Must your General Partner always give you “True and Full information”?

19 Mar 2019

The Cayman Islands (‘Cayman’) Grand Court (‘Court’) has given important guidance on when a Limited Partner (‘LP’) of a Cayman registered Exempted Limited Partnership (‘ELP’) can insist that a General Partner (‘GP’) provides them with “true and full information” on the financial state of the ELP under Section 22 of the Exempted Limited Partnership Law (2014 Revision) (‘Law’). It also considered when a GP might be able to refuse. 

What did the Plaintiff ask for?
The LP (‘DVL’) of a Cayman registered ELP applied to the Court under Section 22 of the Law for an order that the GP (‘XGP’) deliver up true and full information regarding the state of the business and financial condition of the ELP, including by reference to various categories of documents.

What does section 22 provide?
Section 22 of the Law provides:

“Subject to any express or implied term of the partnership agreement, each limited partner may demand and shall receive from a general partner true and full information regarding the state of the business and financial condition of the exempted limited partnership”.

How did the Defendant respond?
Section 22 states that it applies “Subject to any express or implied term of the partnership agreement…”. XGP argued that on a true construction of the relevant amended Limited Partnership Agreement (‘Amended LPA’) DVL’s rights to information were limited in scope and that there were set time parameters for when XGP had to provide the information. There were also clauses which required DVL to provide information. XGP’s argument was that the Amended LPA made provisions for disclosure of financial information and they took precedence over the general right for information given under Section 22. XGP then argued that it was both obvious and necessary to give business efficacy to the Amended LPA to have such a term, and so if the Court found that the clauses in the Amended LPA did not exclude DVL’s rights in Section 22, then it should imply a term into the Amended LPA which did. 

What did the Court say?
The Court disagreed with XGP, finding that the clauses in the Amended LPA provided for and addressed the preparation of records and accounts and giving them to the LP. Those provisions related more to Section 21 of the Law which provides:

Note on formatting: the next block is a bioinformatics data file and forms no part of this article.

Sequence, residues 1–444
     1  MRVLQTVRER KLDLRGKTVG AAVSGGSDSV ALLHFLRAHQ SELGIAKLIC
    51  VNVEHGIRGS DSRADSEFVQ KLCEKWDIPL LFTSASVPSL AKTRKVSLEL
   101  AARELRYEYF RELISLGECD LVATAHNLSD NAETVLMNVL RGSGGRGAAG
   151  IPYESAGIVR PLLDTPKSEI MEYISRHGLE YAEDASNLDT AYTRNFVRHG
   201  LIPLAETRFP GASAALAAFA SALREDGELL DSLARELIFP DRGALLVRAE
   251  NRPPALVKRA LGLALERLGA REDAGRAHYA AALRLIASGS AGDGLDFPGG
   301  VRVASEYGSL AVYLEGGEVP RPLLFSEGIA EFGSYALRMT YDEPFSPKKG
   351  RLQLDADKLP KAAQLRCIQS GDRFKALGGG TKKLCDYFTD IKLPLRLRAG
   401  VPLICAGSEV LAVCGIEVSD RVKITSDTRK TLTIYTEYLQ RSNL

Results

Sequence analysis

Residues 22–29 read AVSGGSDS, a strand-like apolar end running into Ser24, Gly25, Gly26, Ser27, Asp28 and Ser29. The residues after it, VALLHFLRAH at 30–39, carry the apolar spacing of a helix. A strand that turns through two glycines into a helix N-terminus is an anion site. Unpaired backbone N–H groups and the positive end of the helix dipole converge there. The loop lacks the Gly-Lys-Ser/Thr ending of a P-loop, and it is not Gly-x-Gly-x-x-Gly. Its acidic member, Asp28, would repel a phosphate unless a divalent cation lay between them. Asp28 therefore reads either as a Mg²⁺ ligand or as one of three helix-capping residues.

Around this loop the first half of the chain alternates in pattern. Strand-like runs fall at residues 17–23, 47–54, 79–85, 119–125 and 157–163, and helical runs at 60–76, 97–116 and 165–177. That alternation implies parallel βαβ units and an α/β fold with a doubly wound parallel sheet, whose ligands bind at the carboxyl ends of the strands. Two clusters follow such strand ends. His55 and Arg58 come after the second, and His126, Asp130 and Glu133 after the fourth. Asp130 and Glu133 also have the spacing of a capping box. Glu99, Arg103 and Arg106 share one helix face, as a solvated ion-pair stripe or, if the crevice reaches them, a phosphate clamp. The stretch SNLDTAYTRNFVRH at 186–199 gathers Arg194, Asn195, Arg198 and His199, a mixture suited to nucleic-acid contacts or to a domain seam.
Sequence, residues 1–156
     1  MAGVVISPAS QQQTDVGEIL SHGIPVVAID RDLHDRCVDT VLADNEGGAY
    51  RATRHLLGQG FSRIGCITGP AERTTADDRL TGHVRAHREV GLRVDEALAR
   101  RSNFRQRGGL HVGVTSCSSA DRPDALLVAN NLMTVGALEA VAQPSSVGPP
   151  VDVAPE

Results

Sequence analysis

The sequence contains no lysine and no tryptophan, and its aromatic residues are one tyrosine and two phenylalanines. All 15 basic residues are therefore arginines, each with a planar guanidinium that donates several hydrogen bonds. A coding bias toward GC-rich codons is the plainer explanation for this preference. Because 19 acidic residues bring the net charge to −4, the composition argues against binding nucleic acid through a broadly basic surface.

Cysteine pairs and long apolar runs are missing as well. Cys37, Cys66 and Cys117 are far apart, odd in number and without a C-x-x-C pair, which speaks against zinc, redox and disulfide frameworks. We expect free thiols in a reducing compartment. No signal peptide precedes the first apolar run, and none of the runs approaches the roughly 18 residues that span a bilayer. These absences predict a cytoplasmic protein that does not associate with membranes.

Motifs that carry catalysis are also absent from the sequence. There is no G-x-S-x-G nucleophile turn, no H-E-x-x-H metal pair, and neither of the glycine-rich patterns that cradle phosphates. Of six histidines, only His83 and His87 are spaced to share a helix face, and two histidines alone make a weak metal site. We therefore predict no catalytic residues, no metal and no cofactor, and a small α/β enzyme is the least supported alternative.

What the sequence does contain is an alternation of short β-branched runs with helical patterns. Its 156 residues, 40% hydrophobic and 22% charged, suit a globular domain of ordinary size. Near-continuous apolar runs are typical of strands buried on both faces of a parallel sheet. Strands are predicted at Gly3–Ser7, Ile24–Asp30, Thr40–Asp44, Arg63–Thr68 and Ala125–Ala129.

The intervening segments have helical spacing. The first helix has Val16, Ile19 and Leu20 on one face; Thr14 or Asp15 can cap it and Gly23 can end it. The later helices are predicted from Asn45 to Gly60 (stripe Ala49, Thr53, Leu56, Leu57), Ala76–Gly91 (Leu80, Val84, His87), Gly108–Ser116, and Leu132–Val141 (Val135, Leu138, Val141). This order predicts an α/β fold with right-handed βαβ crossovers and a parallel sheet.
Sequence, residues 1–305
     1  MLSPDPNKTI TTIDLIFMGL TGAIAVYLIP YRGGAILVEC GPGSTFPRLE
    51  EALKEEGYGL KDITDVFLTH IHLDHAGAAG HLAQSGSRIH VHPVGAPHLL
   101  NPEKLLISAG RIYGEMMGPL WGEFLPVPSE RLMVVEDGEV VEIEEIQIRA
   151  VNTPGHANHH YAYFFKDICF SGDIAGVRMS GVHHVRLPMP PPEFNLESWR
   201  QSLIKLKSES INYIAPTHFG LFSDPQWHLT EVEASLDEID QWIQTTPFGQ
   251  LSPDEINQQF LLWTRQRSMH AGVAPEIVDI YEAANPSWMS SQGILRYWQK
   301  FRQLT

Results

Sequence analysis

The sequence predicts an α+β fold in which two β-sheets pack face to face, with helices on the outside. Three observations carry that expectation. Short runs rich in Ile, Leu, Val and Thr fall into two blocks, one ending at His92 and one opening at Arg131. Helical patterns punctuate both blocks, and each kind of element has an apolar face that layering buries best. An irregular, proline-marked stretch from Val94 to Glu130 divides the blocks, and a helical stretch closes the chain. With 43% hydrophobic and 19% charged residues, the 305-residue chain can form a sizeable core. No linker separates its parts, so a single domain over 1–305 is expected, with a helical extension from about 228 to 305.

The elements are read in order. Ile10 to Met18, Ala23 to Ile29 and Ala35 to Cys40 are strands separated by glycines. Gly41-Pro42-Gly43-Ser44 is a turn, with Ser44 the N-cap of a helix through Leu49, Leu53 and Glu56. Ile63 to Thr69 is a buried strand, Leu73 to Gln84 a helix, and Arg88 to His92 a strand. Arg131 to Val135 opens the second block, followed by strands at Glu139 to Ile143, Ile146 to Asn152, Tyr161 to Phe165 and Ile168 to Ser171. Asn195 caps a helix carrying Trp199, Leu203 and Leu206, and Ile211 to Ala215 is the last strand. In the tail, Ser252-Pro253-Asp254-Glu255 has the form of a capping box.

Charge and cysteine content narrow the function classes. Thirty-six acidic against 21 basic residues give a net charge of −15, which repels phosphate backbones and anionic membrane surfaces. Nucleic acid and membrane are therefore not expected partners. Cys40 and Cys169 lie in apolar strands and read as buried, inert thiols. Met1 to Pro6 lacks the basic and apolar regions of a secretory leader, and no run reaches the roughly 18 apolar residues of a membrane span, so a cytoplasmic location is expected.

“21. (1) A general partner shall keep or cause to be kept proper books of account including, where applicable, material underlying documentation including contracts and invoices, with respect to:-…”

[Section 21 then continues to give specific examples of accounting information over six sub-sections, and three sub-subsections.]

Did Section 22 apply? 
The Judge found that Section 22 of the Law dealt with the LP’s right to demand and receive from a GP true and full information regarding the state of the business and the financial condition of the ELP. The Judge found that was wider than simply the preparation and production of accounts, whether audited or unaudited. XGP was bound under Section 21 to keep detailed accounts, as well as information and documentation. Having assessed the clauses in the Amended LPA, the judge stated “In my judgment, there is nothing in the wording of the Amended LPA that is inconsistent with an overriding general right to information under Section 22 of the ELP.”. So, unless the Amended LPA expressly states that the LP was not entitled to true and full information, then Section 22 of the Law gives the LP the right to production of that information.

Section 22 has to be expressly excluded, and not implied
The Judge found that no reasonable man with the background knowledge of the parties could reasonably have understood the parties to have intended to exclude the LP’s right to demand information, and so such a term could not be implied into their contract.

The ‘takeaway’
The conclusion is that a LP has a right to demand and receive from the GP true and full information regarding the state of the business and financial condition of an ELP unless the LPA expressly excludes Section 22 of the Law. Conversely, if the parties to an ELP want to expressly exclude Section 22, they are able to do so. The Judge also noted that Section 22 of the Law (the 2014 Revision) has exactly the same wording as used in the current revision, the Exempted Limited Partnership Law (2018 Revision).

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